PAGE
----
Food allergies: the great myth
There is all manner of misinformation about food allergies online. Consultant immunologist Dr Mary Keogan separates fact from fiction with our reporter
Gluten-free, wheat-free, dairy-free… The teeming 'free-from' sections in most supermarkets - coupled with the dietary advice dispensed on today's health and wellness blogs - may suggest that we all have a food allergy of some description.
And yet, despite the booming industry of gluten-free foods and at-home allergy tests, medical professionals insist we haven't suddenly become insensitive to certain food groups.
Dr Mary Keogan is one of them. The consultant immunologist at Beaumont Hospital hasn't observed a rise in food allergies or intolerances per se. On the contrary, she has noticed a rise in misinformed patients who self-diagnose in the office of Dr Google or opt for what she calls 'back-of-the-supermarket' allergy tests.
According to Dr Keogan, the most dangerous myth is the idea that non-validated allergy tests have clinical integrity.
"There are numerous guidelines from allergy associations the world over that would all agree that allergy testing begins with a careful history," she explains. Unfortunately, most at-home, non-clinical and unconventional allergy tests neglect to conduct what should be a routine background check.
"What is offered - with varying levels of sloppiness - is, first of all, testing for IgG antibodies," explains Dr Keogan. "Yet the presence of IgG does not indicate an allergy. Many of us have IgG antibodies to foods that cause us absolutely no problem."
Dr Keogan is equally critical of hair analysis allergy testing - "It's used in toxicology but absolutely useless in terms of allergy testing" - as well as VEGA testing, which measures electrical impulses from the body when it is in contact with certain food groups. "It's not biologically plausible," she says.
These tests often result in the patient eliminating a food group from their diet. However, this can cause more harm than good when it is not done under medical supervision.
"What a lot of people don't realise is that if they have put themselves on a gluten-free diet then the blood test for coeliac disease can become negative, even if you have a biopsy taken.
"Coeliac disease is an immunological reaction to gluten. The treatment is that you take away gluten completely and then the lining of your gut returns to normal.
"So if you have a biopsy done after you have put yourself on a gluten-free diet, the biopsy can look normal." she explains.
"Unfortunately, if you are sensitised to a food but tolerant, and you then cut it out, there is a risk that you can become clinically allergic to the food. Remember, part of what's maintaining your tolerance is that you're exposing your immune system to the food on a regular basis."
Patients also run the risk of introducing foods they may not be able to tolerate.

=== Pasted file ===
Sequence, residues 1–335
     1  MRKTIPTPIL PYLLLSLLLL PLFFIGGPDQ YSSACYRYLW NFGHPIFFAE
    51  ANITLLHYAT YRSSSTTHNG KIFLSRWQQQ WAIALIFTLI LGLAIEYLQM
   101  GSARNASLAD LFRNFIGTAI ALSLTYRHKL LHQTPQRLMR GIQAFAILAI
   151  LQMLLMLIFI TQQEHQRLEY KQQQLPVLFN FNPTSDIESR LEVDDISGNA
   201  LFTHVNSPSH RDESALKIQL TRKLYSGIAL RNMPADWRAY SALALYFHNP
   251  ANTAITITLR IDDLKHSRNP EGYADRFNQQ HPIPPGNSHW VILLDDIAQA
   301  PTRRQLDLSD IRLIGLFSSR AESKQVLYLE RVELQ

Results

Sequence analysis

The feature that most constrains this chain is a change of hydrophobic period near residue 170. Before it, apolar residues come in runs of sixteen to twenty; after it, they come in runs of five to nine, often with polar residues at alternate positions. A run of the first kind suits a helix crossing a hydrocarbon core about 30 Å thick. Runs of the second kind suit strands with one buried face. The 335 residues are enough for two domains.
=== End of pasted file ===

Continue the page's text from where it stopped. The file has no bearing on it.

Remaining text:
"By taking gluten out you have to put something else in. And that something else can cause problems. We're beginning to encounter patients with allergies to things like buckwheat, which is commonly used in gluten-free products. The reason they react is because it's new to their immune system."
According to Dr Keogan, patients can often misattribute symptoms to specific allergies. "The idea that bloating is always related to food allergies is incorrect," she says. "The most common cause of bloating is the muscle in your gut is acting in a disorganised way.
She has also encountered patients who believe that they may be allergic to a component in certain alcoholic beverages. In rare cases, they may be diagnosed with chronic spontaneous urticaria and angioedema, an autoimmune condition that is exacerbated by alcohol and causes hive-like swelling. However, in most cases, the symptoms they describe are no more than "a really bad hangover".
She recalls a patient in her early 20s who was drinking 16-20 units a night, a few nights a week. "What she kept saying to me was 'But my friends can do it'."
"I've been doing immunology since 1989 and I have seen just one person who was genuinely having an allergic reaction to mushrooms and yeast [which is present in wine and beer]."
Wheat intolerances are also uncommon, while lactose intolerance is "vanishingly rare" in Caucasians. "It is extremely common in other parts of the world, though," she adds.
Dr Keogan also points out that it is "very unusual for an adult to develop an allergy to a food that they have been eating all along".
Even so, many people report weight loss and renewed energy after using a non-validated allergy test. Surely the practitioners are getting something right? Dr Keogan disagrees. "If you put anyone on an exclusion diet, it drives down calorie content and they lose weight."
Her advice may be difficult for some people to digest, but it's echoed by the medical community at large. If you think you have a food allergy or intolerance, your first port of call should be a GP.
* Dr Mary Keogan will be speaking on this topic at a free patient information evening at Beaumont Hospital on Wednesday, May 18 from 6.30pm-7pm. Register for the event at firstname.lastname@example.org or call 01 809 2022
Health & Living